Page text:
Belle of the Ball

Our beautiful client, Rachel (right) had her annual awards ceremony with work to attend earlier this month.

She’s full of confidence and not afraid to go glamorous. We decided on the full length gold strapless dress would be ideal.. next time round I’m sure she’ll be back to hire something even more elaborate.

Only 21 Once!

Our lovely lady Georgie, (first picture, right) is wearing our floor length strapless 1920’s style gold/silver dress.

She wore it to her friend’s 21st birthday party, (second picture, far right) These girls all look smashing. I’m sure a party to remember!

Charity Ball at The Grosvenor House

This gorgeous looking lady went to a Charity Ball last week at the Grosvenor House. In aid for the charity,  The Children’s Trust 30th Anniversary Ball.

“I want to thank you so much for your personalised, attentive service. You helped me find exactly the right dress for me, and the fact that you were able to tailor it to me was a wonderful extra benefit. I will definitely come back to you when the need next arises, and will also tell my friends.” Maria McHugh.

Eurovision 2013 – The Fashion Stakes

Last night’s 58 year old canard, the Eurovision song contest features a drab four chord load of instantly forgettable tunes.  But some interesting outfits.  I like the fact that more and more acts are choosing to wear long dresses instead of the commoner leather or short appliqued frock horrors of the past.

Best dressed would have gone to Ukraine (was it Ukraine?) for that pale pink strapless gown except for the dress-maker failing to account for hip movement resulting in an unattractive bulge that destroyed an otherwise perfect column.

In a neon pink ball gown straight out of Star Wars,  the Compere or shall we say commere’s outfit was good in close up, framing her cleavage and balancing the butterfly beehive, but with those Japanese sleeves and ugly panel missing in the skirt ruined what could have been a timelessly elegant classic gown.  A typical example of a dress designed by committee.

Denmark’s winning number was not just in the tune.  This pretty ballet length hanky hem dress suited the song, the singer and deserved its place at the top. Talking of hankys what about the handsome Armenian with the scarves?  Is this a future trend, guys, or was he promoting his sister’s accessory company?  Skirts anyone?

Did anyone else see a singer in silver sequins fall off the stage during the “visit Sweden” promo song?

Germany’s beige sequined pageant gown with the hi-low hemline didn’t work for me.  The stiffness of that heavily beaded fabric looked clumpy as she moved about the stage; hi-low hemlines work best in a soft flowing fabric.

Britain’s Bonnie Tyler – well…..who’s idea was it to put her in a black off the shoulder cat suit?  Didn’t suit her, didn’t suit the song.  What more can one say?

Finland’s wedding dress certainly fitted the tune but ruined by the pink over boots and the back group in red PVC pinafores – golden showers, anyone?

Estonia, my favourite.  An elegant strapless flowing white gown. Pregnant she may be, but the dress was beautifully balanced nonetheless.

The Skirt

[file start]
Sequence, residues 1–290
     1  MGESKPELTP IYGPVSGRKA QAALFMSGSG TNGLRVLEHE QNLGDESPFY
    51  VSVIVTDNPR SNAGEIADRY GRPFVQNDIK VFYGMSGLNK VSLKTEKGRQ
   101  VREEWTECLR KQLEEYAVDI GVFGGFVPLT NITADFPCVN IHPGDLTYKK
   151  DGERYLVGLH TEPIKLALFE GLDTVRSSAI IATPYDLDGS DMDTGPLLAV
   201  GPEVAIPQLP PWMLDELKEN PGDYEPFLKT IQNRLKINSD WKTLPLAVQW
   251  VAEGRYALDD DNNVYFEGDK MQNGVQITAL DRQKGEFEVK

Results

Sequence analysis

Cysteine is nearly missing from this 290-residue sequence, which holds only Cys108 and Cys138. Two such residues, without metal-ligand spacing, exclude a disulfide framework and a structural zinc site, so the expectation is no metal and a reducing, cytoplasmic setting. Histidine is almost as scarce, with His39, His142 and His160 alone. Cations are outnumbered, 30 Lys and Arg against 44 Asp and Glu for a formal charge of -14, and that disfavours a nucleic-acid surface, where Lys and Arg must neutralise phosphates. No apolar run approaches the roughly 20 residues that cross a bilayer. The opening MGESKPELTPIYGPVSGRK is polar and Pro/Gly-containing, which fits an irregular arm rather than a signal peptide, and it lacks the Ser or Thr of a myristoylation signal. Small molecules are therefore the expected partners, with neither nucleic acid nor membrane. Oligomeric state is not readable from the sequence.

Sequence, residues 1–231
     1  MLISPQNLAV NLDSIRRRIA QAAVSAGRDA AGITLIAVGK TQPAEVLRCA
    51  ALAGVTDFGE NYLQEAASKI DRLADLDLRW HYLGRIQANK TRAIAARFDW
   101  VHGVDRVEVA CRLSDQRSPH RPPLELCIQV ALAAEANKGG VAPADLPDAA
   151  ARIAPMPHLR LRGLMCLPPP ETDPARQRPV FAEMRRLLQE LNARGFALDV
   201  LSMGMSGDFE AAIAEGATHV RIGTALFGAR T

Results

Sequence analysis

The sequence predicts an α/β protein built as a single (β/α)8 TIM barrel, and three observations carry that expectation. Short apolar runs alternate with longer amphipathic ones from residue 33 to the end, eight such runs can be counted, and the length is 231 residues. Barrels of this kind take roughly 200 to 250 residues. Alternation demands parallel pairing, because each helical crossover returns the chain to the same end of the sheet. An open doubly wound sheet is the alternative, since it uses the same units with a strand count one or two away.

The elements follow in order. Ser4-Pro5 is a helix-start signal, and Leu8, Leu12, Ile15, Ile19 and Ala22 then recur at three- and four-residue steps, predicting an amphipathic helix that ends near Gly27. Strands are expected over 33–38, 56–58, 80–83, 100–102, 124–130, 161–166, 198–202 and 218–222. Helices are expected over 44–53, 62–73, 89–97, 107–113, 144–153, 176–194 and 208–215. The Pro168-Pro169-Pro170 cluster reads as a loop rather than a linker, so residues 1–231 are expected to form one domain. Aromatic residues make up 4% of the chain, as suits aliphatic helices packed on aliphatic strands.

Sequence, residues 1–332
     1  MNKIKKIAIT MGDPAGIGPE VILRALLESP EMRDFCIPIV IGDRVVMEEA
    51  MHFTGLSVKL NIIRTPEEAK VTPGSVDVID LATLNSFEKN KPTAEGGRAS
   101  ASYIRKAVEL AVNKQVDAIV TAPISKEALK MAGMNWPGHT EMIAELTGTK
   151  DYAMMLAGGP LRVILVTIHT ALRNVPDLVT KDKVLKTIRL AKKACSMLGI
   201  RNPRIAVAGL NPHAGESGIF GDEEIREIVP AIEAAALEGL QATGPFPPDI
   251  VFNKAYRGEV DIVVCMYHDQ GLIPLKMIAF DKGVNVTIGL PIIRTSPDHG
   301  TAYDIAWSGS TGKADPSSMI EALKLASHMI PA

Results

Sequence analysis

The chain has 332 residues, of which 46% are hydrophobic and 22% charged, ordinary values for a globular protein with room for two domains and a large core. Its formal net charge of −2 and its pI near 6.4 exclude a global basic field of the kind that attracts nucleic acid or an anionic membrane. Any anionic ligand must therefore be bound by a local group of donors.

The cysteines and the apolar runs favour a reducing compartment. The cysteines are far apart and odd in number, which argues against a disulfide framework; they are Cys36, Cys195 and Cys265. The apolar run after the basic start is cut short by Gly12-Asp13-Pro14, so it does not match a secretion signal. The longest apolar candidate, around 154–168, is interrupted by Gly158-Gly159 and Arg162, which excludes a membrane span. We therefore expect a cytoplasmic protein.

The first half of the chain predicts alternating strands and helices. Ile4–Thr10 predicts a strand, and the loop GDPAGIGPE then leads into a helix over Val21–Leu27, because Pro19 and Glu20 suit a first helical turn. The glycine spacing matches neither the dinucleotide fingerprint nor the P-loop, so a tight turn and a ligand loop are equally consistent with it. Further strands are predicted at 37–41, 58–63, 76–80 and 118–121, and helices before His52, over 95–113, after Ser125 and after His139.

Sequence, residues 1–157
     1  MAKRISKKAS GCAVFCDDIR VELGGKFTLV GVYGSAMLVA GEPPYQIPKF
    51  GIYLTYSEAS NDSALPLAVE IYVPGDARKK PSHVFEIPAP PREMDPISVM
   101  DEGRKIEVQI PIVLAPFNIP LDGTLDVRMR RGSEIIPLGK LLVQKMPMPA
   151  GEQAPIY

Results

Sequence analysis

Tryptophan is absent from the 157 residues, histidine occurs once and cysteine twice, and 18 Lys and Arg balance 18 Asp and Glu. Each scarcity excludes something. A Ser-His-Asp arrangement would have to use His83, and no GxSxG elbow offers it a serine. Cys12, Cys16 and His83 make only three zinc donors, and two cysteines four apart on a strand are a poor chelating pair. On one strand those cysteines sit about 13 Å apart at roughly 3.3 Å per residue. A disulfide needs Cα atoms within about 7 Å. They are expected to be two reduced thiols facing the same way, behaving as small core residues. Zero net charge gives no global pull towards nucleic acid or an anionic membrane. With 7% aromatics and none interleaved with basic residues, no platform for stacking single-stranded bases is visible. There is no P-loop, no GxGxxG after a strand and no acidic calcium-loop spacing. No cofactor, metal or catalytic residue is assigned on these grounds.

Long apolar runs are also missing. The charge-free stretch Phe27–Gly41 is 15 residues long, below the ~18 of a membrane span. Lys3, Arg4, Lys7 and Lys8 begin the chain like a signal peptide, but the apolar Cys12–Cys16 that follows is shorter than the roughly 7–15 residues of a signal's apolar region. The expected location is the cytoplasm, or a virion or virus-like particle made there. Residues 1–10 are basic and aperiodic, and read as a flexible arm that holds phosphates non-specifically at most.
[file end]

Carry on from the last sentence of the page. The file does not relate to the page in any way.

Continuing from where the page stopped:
It is said to have been discovered back in 3,900 B.C. in Armenia, in the form of a straw-woven skirt. These garments have been worn by men & women over the years in many different cultures. This is still alive today, some men in Scotland wear kilts, as do some Asian men wear what is called, the Dhoti or Lungi, a piece of material that is wrapped around the waist and knotted, resembling a skirt.

Women’s dresses started to become a lot more varied in the 19th century than in any other culture. Waistlines originally started under the bust, called the ‘Empire Silhouette’, and they started to drift towards the natural waist. The skirt had started of quite narrow, but was now moving towards styles like the Hoopskirt or Crinoline skirt. This was all taking place around 1860s.

Then, skirts took a radical change in the beginning of the 20th century – the hem was no longer at the floor. Around the 1920s skirts became short(er), then in the 1930s, long again. Then throughout the War, skirts became shorter as there was a fabric restriction at the time.

And of course what came into fashion in the 60s? The Miniskirt by Mary Quant. She had dared to create this item the measured normally no longer than 4inches below the bottom. These skirts were so popular, as they are today, worn by teenagers, young adults and can also be seen in sport, such as skaters, cheerleaders and tennis players.

How To Measure Yourself

You may want some help when doing this.


1. Stand straight with your feet together

2. Start at the top of your head and pull the measuring tape down to the floor (you may need some help with this)

3. Don’t wear shoes


1. Your waist is usually found 1inch above your bellybutton

2. Wrap the measuring tape around your waist, not so tight so allowing you to breathe comfortably


1. Your hips are generally about 7” below your waist (depending on your size)

2. Looking in a mirror, find the widest part of your hips

3. The measuring tape should brush across both of your hipbones


1. You start by measuring at the back, from one edge of the shoulder socket to the next shoulder socket


1. Relax your arms

2. Keep your bra on, as you’re not measuring your bra size

3. Pull the tape around the back across the shoulder blades, then under your arms and across the fullest part of your bust – take measurement